If wolves had indeed killed that animal, or even bears or cats, there would have been some damage to the head, period. I base this on having seen dogs, of many kinds, and bears and cats fight or take prey. There is always at least one bite or cut on the head somewhere, usually around the face or torn ears…

    That animal in the photo was obviously NOT involved in any such altercation given the “clean” uncut head and ears.

    This “dude” might be able to spin a good yarn for those unfamiliar with the outdoors, and sympathetic to his views, but he certainly can’t fool anyone who has any experience with such events as he claims took place.

    Looks like a case of human caused mortality and mutilation.

  13. avatar vickif says:

    Salle,

    You are absolutely correct. Canids in particular pull at prey a lot, nearly a tug of war. I have watched dogs kill coyotes, they pull at the tail and nose until another animal has a chance to crush the throat. When dogs fight, like this man’s description of a struggle would suggest occured, they go for areas where the other animal has a lot of sensitivity and vulnerability. Ears are both. This animal still had it’s ears in tact and no blood around them from what I saw.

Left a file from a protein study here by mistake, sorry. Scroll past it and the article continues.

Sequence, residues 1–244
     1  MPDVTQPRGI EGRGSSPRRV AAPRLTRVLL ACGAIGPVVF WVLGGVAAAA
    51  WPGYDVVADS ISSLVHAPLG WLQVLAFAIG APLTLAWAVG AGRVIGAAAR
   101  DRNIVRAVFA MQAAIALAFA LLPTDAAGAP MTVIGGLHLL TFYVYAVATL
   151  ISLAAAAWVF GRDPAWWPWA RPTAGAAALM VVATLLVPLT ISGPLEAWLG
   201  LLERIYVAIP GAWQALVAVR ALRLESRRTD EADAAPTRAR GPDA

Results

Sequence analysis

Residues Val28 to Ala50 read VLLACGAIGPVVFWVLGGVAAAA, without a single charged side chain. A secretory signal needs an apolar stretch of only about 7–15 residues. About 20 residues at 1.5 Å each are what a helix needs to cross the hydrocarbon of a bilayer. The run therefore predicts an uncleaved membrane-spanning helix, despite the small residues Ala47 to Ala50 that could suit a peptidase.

I would question that this dog’s head was left unharmed, perhaps, to use it’s appearance for sympathy points. I do have sympathy, but I wonder if this poor dog was sacraficed for publicity or perhaps even killed by someone it had trusted…I wonder if any theories were even investigated, or if this man’s word was just taken as gospel.

    If I had investigated, I would have looked for tool marks on the bones. I would have tested the scat. I would have tried to figure out how long the dog was actually dead. I would have looked high and low to see if any other bones had been dragged off, and examined them. But hey, I am a bit obsessive compulsive, and I would want more answers and proof.

  14. avatar Linda Hunter says:

    After watching a friend put together a multi-media movie with a normal pc I realize that it would be very easy for anyone to make up any kind of story and provide “documentation” . . heck I could even do it with my digital camera and photoshop. It is also incredibly easy to make a sound byte with someone’s voice and make them say anything! I wonder how many stories of animal “facts” are fiction.

  15. avatar Jesse James says: